Senators Mark Udall and Michael Bennet introduced an amendment to the U.S. House of Representative's proposal to keep the government running for the next six months, commonly called the Continuing Resolution, to secure emergency funding for the Emergency Watershed Protection (EWP) program. The amendment seeks to provide $27.9 million in emergency funding for the U.S. Department of Agriculture program, which provides support for rehabilitating and restoring watersheds in areas affected by wildfires and other natural disasters.
"I was disappointed that the House chose not to include emergency funding for the Emergency Watershed Program in the wake of Colorado's devastating fire season. Not only are Colorado communities near burned areas now facing flood potential that is 20 times higher than before the fires, they are also left to deal with ash from the fires that have recently made the Poudre River run black and forced Fort Collins and Greeley to shut off their water intake systems," Udall said. "It is essential that we look to meet the needs of the Emergency Watershed Protection Program so we can protect our watersheds from floods and erosion that can cause serious infrastructure damage, water supply disruptions and even loss of life."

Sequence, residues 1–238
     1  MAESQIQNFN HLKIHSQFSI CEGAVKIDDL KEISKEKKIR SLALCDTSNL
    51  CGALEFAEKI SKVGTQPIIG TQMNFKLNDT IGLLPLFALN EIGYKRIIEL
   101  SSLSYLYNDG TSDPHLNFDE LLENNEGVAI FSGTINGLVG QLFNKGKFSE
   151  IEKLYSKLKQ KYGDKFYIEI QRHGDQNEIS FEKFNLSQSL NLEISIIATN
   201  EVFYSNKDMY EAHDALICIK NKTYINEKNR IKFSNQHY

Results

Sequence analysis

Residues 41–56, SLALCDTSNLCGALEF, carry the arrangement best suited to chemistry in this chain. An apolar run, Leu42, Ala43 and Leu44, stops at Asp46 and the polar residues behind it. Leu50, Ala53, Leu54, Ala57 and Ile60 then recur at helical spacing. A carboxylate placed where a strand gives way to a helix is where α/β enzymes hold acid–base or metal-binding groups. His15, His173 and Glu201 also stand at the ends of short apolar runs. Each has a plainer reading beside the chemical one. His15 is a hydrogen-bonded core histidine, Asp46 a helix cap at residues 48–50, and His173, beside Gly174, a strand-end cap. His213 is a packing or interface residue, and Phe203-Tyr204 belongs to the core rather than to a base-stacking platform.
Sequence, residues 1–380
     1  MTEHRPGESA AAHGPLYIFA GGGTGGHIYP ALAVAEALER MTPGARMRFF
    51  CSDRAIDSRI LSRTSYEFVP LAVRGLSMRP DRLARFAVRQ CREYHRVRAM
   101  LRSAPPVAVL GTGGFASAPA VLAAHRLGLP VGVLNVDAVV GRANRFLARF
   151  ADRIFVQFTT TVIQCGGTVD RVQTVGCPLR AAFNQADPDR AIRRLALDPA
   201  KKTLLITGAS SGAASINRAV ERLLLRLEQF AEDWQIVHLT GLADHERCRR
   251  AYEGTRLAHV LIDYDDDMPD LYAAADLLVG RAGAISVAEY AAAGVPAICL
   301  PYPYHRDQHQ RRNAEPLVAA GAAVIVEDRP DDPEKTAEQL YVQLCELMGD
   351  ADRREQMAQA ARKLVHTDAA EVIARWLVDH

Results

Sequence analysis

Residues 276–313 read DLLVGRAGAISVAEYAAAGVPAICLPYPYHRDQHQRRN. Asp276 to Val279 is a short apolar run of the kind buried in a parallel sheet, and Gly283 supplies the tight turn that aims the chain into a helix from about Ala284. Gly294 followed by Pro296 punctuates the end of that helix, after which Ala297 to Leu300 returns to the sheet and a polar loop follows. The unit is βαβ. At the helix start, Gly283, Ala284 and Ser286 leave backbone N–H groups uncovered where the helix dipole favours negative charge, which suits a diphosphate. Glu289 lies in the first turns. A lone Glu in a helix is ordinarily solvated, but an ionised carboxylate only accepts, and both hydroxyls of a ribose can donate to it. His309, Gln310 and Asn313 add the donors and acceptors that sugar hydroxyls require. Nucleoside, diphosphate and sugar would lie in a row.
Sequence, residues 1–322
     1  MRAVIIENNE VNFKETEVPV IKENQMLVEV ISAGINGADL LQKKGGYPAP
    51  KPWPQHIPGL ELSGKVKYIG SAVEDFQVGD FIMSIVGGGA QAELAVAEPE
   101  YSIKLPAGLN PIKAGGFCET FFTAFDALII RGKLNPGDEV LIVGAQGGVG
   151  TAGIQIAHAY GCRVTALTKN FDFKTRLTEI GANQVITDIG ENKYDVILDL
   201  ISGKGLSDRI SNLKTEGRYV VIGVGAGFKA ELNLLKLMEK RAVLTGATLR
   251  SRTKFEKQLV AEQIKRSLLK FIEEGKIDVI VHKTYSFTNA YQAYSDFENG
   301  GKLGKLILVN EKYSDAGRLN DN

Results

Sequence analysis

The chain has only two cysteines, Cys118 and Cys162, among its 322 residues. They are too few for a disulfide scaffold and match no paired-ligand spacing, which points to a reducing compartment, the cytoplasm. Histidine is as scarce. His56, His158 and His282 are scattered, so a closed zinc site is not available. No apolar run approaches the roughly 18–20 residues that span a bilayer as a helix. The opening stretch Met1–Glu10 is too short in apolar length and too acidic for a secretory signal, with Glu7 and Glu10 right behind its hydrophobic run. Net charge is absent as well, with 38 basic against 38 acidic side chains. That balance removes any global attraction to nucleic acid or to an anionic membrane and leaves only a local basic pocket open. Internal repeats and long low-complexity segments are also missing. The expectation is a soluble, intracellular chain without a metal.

"Our state's watersheds and water infrastructure are critical to delivering clean drinking water to millions of Coloradans, but they are seriously threatened by this summer's devastating wildfires, which decimated forests and dangerously increased the speed and amount of runoff after a rainstorm," Bennet said. "We must do everything we can to protect our watersheds, our soil and our infrastructure -- this amendment provides the resources to do just that."
The Natural Resources Conservation Service administers the EWP program and provides funding and technical support to restore and stabilize soil in critical watersheds in the aftermath of severe fires and other natural disasters.
Last month, Udall and Bennet joined together in sending a letter to the Senate Appropriations Committee, urging it to consider emergency supplemental appropriations to provide additional funding to the EWP program. They cited the assistance needed in areas throughout Colorado to address a number of natural resource issues related to the summer's devastating wildfires. The U.S. Department of Agriculture has estimated that it will need approximately $20 million for mitigating the watershed damage from the High Park and Waldo Canyon fires.